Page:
<%-- Page Title--%> Book Review <%-- End Page Title--%>

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April 2, 2004

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IAN SANSOM enjoys A S Byatt's engaging essays, On Histories and Stories
On Histories and Stories: Selected Essays
A S Byatt
212pp, Chatto & Windus

If, as one suspects, the only reason for our existence is approbation, then most literary criticism is a waste of time, since most literary criticism concerns itself only with disapprobation. A book of criticism is usually like a long plumber's whistle or an irritated shake of the head, and reading it is about as much fun as sorting nails or sifting thistles.

A S Byatt's On Histories and Stories is another kind of criticism. Byatt is no grumbler. In her discussion of works of fiction, rather than judging weaknesses she sets out to account for strengths. She talks things up. You get the impression that she actually enjoys reading. On Histories and Stories is therefore criticism as it used to be written, before critics toned up on theory and pigged out on cultural studies, and before what Byatt calls that "gladiatorial antagonism" developed between writers and critics.

Byatt discusses contemporary fiction but ignores pulp. She engages with ideas but avoids jargon. The book probably contains fewer niggles and prickles than the average work of polemics or scholarship, but more than the average weight of subtleties and insights. In seven chapters -- on "Fathers", "Forefathers", "Ancestors", et cetera -- Byatt sets out to explore the various uses and meanings of historical fiction and discusses her own methods in composing novels, novellas and short stories. The essays are, she claims in her introduction, "a writer's essays".

Many of them are also, it should be said, lecture notes, and there is a certain tone, both authoritative and casual, that indicates their true origins. "I shall come back to the the opposition of probability and chance, both as subject and as form of the novel later," Byatt announces to her empty auditorium. She waves and signposts, with a rather aristocratic and proprietorial air, directing the traffic and attention like the lady of the manor who has opened up the house for the summer. "Come on, hurry up, please, into the library. Chop chop. Now, look! Look over there. Yes, look at all this terrific literature!"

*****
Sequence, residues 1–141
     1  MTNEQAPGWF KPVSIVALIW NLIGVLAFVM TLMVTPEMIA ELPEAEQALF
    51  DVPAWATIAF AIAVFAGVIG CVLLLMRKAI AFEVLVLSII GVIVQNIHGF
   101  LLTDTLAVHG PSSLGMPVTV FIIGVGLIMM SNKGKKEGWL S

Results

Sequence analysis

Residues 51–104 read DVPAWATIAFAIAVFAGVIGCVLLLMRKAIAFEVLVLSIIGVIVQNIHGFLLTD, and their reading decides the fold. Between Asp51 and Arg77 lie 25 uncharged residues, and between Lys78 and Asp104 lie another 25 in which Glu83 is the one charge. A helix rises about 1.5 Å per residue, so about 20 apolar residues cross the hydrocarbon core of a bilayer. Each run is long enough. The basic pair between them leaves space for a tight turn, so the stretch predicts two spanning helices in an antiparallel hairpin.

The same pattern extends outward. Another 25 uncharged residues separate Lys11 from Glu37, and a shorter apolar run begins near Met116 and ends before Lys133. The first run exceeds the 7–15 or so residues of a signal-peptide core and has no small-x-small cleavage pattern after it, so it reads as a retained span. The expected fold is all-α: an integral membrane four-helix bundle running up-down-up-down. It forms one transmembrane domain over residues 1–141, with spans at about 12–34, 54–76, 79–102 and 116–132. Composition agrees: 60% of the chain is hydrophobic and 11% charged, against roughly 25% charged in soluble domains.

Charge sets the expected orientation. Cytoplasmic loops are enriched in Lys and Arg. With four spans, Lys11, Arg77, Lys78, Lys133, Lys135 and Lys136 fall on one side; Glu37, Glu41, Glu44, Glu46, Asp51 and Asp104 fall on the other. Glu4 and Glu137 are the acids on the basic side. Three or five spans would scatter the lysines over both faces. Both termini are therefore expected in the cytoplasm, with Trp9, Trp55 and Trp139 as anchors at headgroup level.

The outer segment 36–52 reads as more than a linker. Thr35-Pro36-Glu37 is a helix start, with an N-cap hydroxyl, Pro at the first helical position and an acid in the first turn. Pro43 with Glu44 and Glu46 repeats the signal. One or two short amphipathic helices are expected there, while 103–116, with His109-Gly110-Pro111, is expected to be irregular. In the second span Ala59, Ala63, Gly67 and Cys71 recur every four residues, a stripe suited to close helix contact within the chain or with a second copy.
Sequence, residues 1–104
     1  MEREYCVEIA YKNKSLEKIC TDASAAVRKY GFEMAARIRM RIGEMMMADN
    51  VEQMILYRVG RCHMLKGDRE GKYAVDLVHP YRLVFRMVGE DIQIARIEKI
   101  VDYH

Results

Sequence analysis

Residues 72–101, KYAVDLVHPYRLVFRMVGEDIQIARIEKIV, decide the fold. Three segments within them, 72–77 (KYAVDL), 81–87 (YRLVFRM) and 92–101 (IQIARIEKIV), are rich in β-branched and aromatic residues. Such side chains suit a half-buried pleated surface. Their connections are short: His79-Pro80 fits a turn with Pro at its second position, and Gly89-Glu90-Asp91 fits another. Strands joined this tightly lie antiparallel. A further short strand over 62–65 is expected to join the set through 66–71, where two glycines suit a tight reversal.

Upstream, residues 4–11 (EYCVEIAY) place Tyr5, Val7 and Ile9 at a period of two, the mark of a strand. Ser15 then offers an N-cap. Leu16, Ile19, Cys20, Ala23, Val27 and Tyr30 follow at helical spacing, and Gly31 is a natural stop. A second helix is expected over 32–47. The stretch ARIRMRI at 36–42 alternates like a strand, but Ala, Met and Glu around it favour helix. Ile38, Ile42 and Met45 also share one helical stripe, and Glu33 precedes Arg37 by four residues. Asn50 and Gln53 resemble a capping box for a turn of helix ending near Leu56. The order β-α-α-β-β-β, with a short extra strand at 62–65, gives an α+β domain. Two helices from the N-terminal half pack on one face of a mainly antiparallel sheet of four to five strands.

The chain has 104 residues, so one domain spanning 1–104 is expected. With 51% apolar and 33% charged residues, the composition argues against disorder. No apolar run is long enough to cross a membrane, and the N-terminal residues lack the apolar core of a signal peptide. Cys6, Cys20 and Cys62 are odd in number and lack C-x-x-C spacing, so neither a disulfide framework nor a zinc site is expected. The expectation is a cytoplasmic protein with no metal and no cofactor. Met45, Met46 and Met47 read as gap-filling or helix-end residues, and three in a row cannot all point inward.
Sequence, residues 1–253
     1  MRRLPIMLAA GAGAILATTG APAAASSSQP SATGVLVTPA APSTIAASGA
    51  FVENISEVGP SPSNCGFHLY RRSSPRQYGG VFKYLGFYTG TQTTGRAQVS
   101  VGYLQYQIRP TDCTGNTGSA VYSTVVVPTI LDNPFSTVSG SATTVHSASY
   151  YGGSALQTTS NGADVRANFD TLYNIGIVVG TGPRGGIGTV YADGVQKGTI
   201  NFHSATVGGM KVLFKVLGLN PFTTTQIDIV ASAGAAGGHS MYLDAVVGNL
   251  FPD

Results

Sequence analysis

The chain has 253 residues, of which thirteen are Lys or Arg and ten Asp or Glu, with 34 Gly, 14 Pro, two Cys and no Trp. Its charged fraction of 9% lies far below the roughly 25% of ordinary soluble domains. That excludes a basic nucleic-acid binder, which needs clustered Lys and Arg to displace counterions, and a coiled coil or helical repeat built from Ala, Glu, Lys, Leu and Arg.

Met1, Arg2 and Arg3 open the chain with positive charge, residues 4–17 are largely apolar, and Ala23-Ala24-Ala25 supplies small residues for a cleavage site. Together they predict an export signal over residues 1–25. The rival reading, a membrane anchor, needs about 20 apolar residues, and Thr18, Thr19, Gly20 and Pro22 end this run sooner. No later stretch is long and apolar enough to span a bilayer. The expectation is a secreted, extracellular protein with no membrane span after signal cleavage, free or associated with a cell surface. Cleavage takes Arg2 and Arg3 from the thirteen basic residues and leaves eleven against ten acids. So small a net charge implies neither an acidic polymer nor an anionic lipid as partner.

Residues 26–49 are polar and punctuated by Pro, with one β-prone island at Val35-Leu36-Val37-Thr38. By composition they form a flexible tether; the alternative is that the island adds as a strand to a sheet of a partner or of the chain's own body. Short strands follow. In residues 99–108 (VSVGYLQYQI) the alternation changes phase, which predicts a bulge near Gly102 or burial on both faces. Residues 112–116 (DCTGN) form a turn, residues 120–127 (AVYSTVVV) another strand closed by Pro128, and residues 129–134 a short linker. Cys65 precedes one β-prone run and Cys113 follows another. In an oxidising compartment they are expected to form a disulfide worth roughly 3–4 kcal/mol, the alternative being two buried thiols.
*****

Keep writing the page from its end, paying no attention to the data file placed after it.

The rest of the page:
In discussing and enthusing about writers and their works -- from The Arabian Nights to Lawrence Norfolk -- Byatt summarises neatly and quotes wonderfully. The quotations are often lengthy and there are many of them. This matters. "Next to the originator of a good sentence is the first quoter of it," wrote Emerson ( Journals , volume 16). "My quotations", Byatt claims, "are like the slides in an art historical lecture." They are in fact nothing like so dull and flat. It's more like listening to someone humming arias - pleasant, but occasionally irritating. Her embellishments can be rather artless.

The Irish, apparently, "argue beautifully and passionately" and "are happy to suppose that English writing can be dismissed". This is caricature. She is also prone to digression and doodle. "It is interesting to compare Free Fall with Earthly Powers." "It is interesting to compare Hawksmoor with William Golding's The Spire , which is also about the building of churches." "It is interesting also to compare Ackroyd's thresholds between past and present with a recent novel by a young Scottish writer, A L Kennedy." The comparisons and intuitions are often stimulating, but sometimes insubstantial: as with a flirtation, the expression of interest becomes the interest itself.

The book contains, nonetheless, some important insights. Her reading of contemporary fiction as a series of plays on certain Darwinian plots is illuminating. For example, it allows her to read Penelope Fitzgerald's novel The Gate for Angels through Ian Hacking's book about probability, The Taming of Chance, and her summary of Fitzgerald's book reveals exactly what is surprising and disturbing about its apparent simplicity -- that sense that "there is more here, more significance, than the sheer pleasure of elegant prose and the satisfactory storytelling". Fitzgerald, she concludes, is "playing lightly with the random and haphazard, in the form of her novel and in life".

What Byatt won't admit about historical fiction, though, despite all her talk of such subtle plottings, is its determined thrust and ambition. The historical novel may throw light upon modern sensibilities, and may often be an example of considerable ingenuity, and even an expression of great moral seriousness, but it is also an example of the will to power. "Playing lightly" it is not. The historical novel is always boasting about its knowhow, whether it's by Penelope Fitzgerald or Norman Mailer. It loves to display its credentials. It preens. It knows how to sell itself. And above all, it desires success. One suspects that Byatt, author of the bestselling Possession , knows more about this -- the real secret of histories and stories -- than she is letting on.

This article was first published in the Guardian.




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